Calling God

by Nick Ragusa

“Information.”

“Yes, I’m trying to reach someone very important.”

“Okay, where are you calling from?”

“Idaho. My name is Ralph Lewis. I need to speak with God.”

“Who?”

“You know, God, the Almighty, Lord of Heaven, whatever you want to call him.”

“I don’t know what you’re talking about. Are you talking about the God?”

“Of course I am. I need you to connect me with Him. I have to ask Him a question.”

“Okkkaayyy...” The operator thinks he’s psychotic or drunk, or perhaps both. “I’m sorry, sir, but...”

“You can call me Ralph.”

“Okay, Ralph. I’m sorry but I can’t get Him on the phone. Maybe you should hang up now and go to bed.”

The clock on top of Ralph’s TV flashes 3:34 a.m. “No, listen, I’m not joking around, here. I’m dead serious. I need to speak to God and you’re going to get him on the phone for me, understand?”

The operator sighs. Great, another one of those. “All right, Ralph, let me see what I can do. Stay on the line.” The operator’s voice is replaced with soft elevator music.

A minute later a man’s voice comes on the line. “Alpha Centauri Psychology Center, this is Omar, how can I help you?”

Alpha Centauri Psychology Center? “I need to speak to God,” Ralph says.

“Excuse me?”

“You know, Master of the World, the All-Knowing. I have an important question to ask Him. Are you a doctor?”

“Psychotherapist.”

Ralph sighs. “Look, not to be disrespectful, but I don’t need to talk to a shrink. I’m not crazy. I just want to get God on the phone so I can talk to Him for a few minutes.”

You have to talk to someone, all right, Omar thinks. “Okay, Ralph, stay on the line. Let me see what I can do.” His voice is replaced with that annoying elevator music.

Ralph goes into the kitchen to get a beer. When he sits back down in front of the TV another male voice speaks on the other end. “Hello?”

“Is this God?” Ralph asks, excited.

“No, I am but a servant of God.”

“A priest?”

“Yes. I am Father Ar-Gael Dilaggio of the P’lature-del-Andromeda.”

“Andromeda? As in the galaxy Andromeda?”

“Yes. I received word that you wanted to speak with God directly, over the phone, at this very hour. This, you must know, my son, is impossible.”

“But Father, wasn’t it the great astronaut Edwin Rochere who said ‘That which is impossible I do every day’?”

“Something to that effect, yes.”

“I believe that. God is out there, Father, waiting for me to make contact with Him.”

“Why must you speak with Him?”

“Is this a confessional?”

“If you want it to be.”

“I don’t have anything to confess. I just want to ask Him a question.”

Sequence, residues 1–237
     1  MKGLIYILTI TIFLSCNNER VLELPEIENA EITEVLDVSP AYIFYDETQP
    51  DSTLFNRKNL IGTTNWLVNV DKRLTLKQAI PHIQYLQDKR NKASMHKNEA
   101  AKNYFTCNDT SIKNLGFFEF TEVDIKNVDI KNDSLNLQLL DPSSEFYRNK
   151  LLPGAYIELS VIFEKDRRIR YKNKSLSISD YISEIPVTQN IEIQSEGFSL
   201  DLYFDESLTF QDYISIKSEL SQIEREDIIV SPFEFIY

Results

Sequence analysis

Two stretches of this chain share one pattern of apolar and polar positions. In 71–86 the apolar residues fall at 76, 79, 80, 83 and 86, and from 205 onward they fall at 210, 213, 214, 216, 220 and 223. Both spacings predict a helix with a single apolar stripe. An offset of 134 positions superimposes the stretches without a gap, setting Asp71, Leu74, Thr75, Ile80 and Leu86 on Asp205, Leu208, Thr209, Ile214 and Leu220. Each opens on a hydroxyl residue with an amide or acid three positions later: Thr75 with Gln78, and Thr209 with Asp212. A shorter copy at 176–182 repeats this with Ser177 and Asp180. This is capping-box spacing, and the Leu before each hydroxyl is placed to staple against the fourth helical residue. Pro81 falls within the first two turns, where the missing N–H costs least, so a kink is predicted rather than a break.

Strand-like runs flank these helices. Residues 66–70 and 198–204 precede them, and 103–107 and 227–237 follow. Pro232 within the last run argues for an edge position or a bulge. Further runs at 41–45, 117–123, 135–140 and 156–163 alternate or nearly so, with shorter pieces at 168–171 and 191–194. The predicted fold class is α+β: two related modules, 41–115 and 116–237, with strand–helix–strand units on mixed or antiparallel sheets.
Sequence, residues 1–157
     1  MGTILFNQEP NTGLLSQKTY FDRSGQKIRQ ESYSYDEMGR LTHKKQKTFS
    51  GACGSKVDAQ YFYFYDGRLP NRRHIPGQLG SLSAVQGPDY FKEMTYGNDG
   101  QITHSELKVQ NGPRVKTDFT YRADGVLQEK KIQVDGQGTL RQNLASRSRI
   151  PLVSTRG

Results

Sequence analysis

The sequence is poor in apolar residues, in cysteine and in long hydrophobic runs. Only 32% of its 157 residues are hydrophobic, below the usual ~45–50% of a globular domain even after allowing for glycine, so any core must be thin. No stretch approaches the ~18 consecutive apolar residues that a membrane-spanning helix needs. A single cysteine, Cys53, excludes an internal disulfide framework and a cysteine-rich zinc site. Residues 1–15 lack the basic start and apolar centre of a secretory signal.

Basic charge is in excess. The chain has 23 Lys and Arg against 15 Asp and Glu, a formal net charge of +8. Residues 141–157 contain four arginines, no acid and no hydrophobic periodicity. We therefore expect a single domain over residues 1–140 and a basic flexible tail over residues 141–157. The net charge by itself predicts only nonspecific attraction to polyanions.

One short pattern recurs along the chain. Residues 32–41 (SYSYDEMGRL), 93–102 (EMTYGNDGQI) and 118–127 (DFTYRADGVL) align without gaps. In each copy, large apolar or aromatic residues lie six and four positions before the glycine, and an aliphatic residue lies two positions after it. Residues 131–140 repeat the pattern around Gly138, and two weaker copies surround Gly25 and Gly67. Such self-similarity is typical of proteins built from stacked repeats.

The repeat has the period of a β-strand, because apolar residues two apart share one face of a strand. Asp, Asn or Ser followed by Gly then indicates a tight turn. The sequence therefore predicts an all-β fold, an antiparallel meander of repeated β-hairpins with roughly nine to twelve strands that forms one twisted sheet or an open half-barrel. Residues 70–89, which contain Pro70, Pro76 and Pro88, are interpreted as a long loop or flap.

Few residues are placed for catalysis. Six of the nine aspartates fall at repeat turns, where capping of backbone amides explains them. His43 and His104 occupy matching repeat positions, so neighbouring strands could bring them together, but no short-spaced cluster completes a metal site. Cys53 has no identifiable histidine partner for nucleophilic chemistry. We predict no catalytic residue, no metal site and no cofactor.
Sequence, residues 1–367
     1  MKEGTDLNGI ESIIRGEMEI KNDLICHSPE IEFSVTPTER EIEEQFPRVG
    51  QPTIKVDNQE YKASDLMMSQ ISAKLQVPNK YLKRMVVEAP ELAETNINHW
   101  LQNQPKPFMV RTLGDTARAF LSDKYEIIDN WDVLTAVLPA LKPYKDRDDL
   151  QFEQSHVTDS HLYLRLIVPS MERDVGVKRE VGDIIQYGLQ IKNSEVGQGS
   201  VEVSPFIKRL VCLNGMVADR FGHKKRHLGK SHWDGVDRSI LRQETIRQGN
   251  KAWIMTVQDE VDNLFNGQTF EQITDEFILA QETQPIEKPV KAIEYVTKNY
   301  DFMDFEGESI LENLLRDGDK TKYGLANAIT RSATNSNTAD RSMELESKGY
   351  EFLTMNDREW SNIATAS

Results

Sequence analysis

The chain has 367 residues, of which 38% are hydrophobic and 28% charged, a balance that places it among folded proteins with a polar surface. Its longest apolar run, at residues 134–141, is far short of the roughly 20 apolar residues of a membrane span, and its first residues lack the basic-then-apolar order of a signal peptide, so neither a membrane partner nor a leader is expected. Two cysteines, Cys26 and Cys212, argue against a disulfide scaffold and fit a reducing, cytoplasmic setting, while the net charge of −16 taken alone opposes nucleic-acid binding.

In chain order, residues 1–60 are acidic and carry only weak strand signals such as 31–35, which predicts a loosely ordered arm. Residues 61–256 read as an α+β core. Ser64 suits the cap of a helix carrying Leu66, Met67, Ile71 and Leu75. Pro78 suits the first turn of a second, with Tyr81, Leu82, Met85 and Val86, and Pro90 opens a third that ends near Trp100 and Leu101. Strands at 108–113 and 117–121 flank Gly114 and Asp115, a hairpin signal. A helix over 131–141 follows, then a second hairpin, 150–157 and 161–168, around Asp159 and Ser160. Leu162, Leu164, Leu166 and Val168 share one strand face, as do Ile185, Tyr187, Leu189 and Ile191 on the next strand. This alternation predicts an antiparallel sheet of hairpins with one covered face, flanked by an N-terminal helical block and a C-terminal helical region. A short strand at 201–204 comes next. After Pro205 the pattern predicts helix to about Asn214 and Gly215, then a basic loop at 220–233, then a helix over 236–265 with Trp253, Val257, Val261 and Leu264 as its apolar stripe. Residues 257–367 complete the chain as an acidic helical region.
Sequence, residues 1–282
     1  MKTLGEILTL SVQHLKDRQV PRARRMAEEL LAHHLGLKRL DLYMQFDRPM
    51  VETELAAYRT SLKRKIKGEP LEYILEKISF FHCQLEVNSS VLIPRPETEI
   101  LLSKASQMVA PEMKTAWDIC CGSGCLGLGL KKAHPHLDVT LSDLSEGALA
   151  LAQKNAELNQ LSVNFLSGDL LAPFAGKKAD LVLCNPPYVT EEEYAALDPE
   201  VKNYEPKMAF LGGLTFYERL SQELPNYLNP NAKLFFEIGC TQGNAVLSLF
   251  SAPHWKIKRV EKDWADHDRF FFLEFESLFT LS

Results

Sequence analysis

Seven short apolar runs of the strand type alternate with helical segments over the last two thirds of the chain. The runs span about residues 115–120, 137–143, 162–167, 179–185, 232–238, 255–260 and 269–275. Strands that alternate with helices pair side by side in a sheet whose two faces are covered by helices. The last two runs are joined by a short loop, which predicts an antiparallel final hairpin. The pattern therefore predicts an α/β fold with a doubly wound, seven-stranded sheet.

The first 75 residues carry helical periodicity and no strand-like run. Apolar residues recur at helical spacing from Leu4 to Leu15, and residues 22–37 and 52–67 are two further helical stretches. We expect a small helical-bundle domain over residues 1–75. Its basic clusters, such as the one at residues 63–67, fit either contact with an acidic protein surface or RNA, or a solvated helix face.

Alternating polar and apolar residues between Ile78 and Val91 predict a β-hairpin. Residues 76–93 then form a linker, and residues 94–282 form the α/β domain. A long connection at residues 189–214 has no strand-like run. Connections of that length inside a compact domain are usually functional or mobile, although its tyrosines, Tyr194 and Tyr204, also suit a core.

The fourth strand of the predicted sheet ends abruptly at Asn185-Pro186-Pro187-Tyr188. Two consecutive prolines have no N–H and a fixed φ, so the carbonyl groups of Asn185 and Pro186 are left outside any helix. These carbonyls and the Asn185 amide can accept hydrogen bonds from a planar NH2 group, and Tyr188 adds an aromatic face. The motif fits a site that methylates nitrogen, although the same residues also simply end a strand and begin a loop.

“Just one?”

“Just one.”

“And what might that question be?”

“I can’t tell you. I’m sorry, Father.”

“You need not apologize for wanting to inquire to God only. People do it all the time. But perhaps there are other things you wish to talk about.”

“Like what?”

“Like why you want to ask the Lord your Question in the first place.”

“Because I want to know the Answer. No, I need to know the Answer.”

“And what if the Answer does not satisfy you? What if it hurts you?”

“It won’t. I’ll be content no matter what the Answer is, because then I’ll know, one way or the other. It’s not knowing that’s killing me. Do you get what I’m saying?”

“Yes, I understand.”

“So you’ll get Him on the phone?”

Father Dilaggio thinks it over for a minute. “I can connect you with a friend of mine who may be of more help. His name is Denel Toriz.”

“Good, put me through to him.”

“I wish you luck, Ralph Lewis, and hope that you find what you seek.”

“Thanks, Father.”

“One moment.” Cue the elevator music. Ten minutes later a soft solemn voice says, “Good evening. Is Ralph Lewis there?”

“This is he. Are you Denel Toriz?”

“I am. Father Dilaggio tells me you are trying to reach God.”

“Yes.”

“To ask him a question.”

“Yes.”

“I think I can be of service, then.”

Finally! “Can you get Him on the phone?”

“I can see if He’s in His office. Are you sure you want to do this?”

“I’m sure.”

“All right, then. Let me patch you through.” No elevator music.

Guess God doesn’t do elevator music. Ralph chugs the rest of his beer.

The wait is excruciating. Just when he thinks he can’t wait another second he hears the deepest, grandest, most glorious voice he’s ever heard. “God here.”

“Oh, my God... I mean, hello, how are you today, Sir? Are you really Him?”

“Yes.”

“You’re the Divine, the Absolute, the One?”

“Yes, all of those things and more. And you are Ralph Lewis, yes?”

“I am.”

“What can I do for you, Mr. Lewis?”

Okay, this is it, now or never. “I have a question to ask you, My Lord.”

“Ask away.”

“I want to know... What is the Meaning of Life?” He holds his breath in anticipation of the Answer.

[Author’s challenge: If you were God, how would you answer?]

[Bewildering Stories request: If you are God,
we humbly beseech the favor of a reply, in any form of Your choice.]


Copyright © 2006 by Nick Ragusa

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